While the first half of this book treads ground many other books before have covered, the second half focuses on the positive: the case for humanism. Grayling distinguishes between three debates:
- theism vs atheism, which is about metaphysics, what does or does not exist;
- secularism, which is about the place of religion in the public square; and
- the source of morality; from divine command, or human realities?
The secular position is that religions are entitled to exist, but deserve no privileged place in society; there should be no “respect due to faith”, since religions “derive ultimately from the superstitions of illiterate herdsmen living several thousands of years ago” (p135.5) (discussed again p238)
Humanism is the ethical outlook that says each individual is responsible for choosing his or her values and goals, is responsible for living considerately of others.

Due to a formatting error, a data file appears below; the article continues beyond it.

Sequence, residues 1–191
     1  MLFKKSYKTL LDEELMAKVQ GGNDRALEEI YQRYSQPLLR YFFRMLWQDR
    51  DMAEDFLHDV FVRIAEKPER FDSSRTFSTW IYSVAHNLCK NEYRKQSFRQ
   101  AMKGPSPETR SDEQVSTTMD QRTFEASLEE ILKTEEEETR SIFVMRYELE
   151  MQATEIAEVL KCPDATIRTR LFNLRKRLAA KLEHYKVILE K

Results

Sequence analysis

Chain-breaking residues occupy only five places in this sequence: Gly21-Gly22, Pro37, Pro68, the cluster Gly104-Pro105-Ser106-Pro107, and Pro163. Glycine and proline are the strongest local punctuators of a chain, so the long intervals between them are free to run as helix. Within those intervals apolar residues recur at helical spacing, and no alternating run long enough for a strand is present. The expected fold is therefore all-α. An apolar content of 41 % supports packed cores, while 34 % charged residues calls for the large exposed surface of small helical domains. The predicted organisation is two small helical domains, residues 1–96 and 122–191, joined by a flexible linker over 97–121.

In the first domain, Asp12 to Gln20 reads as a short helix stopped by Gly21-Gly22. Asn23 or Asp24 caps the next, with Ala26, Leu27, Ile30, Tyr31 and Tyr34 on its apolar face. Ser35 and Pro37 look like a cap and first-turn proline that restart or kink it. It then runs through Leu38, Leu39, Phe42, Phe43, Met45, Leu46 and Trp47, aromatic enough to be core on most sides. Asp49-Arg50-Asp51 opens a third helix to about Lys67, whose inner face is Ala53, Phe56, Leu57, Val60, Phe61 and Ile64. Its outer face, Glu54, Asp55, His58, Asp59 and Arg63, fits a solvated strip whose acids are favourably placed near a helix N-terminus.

Humanism is above all about living thoughtfully and intelligently, about rising to the demand to be informed, alert and responsive, about being able to make a sound case for a choice of values and goals, and about integrity in living according to the former and determination in seeking to achieve the latter.
p138b. Like being a good guest at a dinner party.
Grayling lists two fundamental premises of humanism:
- First, there are no supernatural agencies in the universe.
- Second, our ethics must be drawn from the nature and circumstances of human experience.
A key requirement of Humanism is that individuals should think for themselves… it has no metaphysics. It is not about ‘faith’ in reason or science; science is open to challenge and refutation, faith is not.
Grayling examines the history of Humanism and boils it down to the criteria for living good lives. They are:
- Life seems meaningful or purposeful
- They are lived in relationships with others
- They are lives of activity
- They are marked by honesty and authenticity
- They manifest autonomy
- The experience of living them is rich or satisfying
- They have integrity
- Life seems meaningful or purposeful
- They are lived in relationships with others
- They are lives of activity